The Life Story, Domains of Identity, and Personality Development in Emerging Adulthood focuses on individuals' formulations of the unique episodes and events of their lives that give one meaning and a sense of personal identity. This book brings the growing research on narrative study and the life story into focus by drawing from the existing research on personality development during emerging adulthood.
In this book, authors Michael W. Pratt and M. Kyle Matsuba present a series of chapters exploring how one's life story manifests across the many components of their developing identity, including their religion, morality, vocation, society, and the relationships they have with their parents, peers, and romantic partners. Taking their cue from Erik Erikson's model of adolescent and adult development, the authors show readers exactly how a life story approach can illuminate the distinctive
features of an individual's personality and development during this formative phase of life.
Organized around a set of life contexts where personality is manifested (i.e. adjustment, personal ideology, close relationships, occupation, and civic life), this book draws on the authors' own longitudinal research on the development of the life story in emerging adulthood. Throughout the book, they incorporate fascinating case studies and historical examples (e.g., Darwin, Pope Francis, Martin Luther King, Jr., Jane Fonda) of individuals' unique development during this period of life in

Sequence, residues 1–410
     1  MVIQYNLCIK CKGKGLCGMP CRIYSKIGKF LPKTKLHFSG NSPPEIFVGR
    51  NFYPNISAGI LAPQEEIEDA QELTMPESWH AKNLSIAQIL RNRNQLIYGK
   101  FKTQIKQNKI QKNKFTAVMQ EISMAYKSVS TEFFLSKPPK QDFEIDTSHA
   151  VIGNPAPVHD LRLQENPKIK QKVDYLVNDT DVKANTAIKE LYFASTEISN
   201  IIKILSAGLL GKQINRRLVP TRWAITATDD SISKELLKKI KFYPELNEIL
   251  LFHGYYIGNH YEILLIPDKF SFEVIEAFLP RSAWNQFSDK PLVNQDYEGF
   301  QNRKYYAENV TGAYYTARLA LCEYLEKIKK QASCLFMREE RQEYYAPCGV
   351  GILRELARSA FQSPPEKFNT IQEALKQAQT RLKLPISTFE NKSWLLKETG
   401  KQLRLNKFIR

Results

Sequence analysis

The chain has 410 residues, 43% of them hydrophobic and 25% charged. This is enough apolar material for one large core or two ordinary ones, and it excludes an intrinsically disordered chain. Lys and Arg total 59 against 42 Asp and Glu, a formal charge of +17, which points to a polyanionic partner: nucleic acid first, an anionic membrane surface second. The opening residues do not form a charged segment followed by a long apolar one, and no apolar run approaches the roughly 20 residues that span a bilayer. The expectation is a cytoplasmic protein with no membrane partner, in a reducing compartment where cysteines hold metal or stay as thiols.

order to better illustrate the application of this approach to understanding the whole person in context.
Michael W. Pratt received his graduate training in Human Development from Harvard University, completing his Ed.D. in 1975. He has taught for the past 30 years at Wilfrid Laurier University in Waterloo, Ontario, Canada where he is now Professor Emeritus of Psychology. His research and teaching focus has been in life span developmental psychology, with a particular interest in narrative and the life story.
M. Kyle Matsuba is a Psychology Instructor at Kwantlen Polytechnic University in Surrey, British Columbia, Canada. His research interests focus on environmental attitudes and behaviors, and identity development. In addition, he spends a few months each year in northern Uganda working with children, teachers, and administrators to implement social-emotional learning (SEL) based programs in schools within this post-conflict region.
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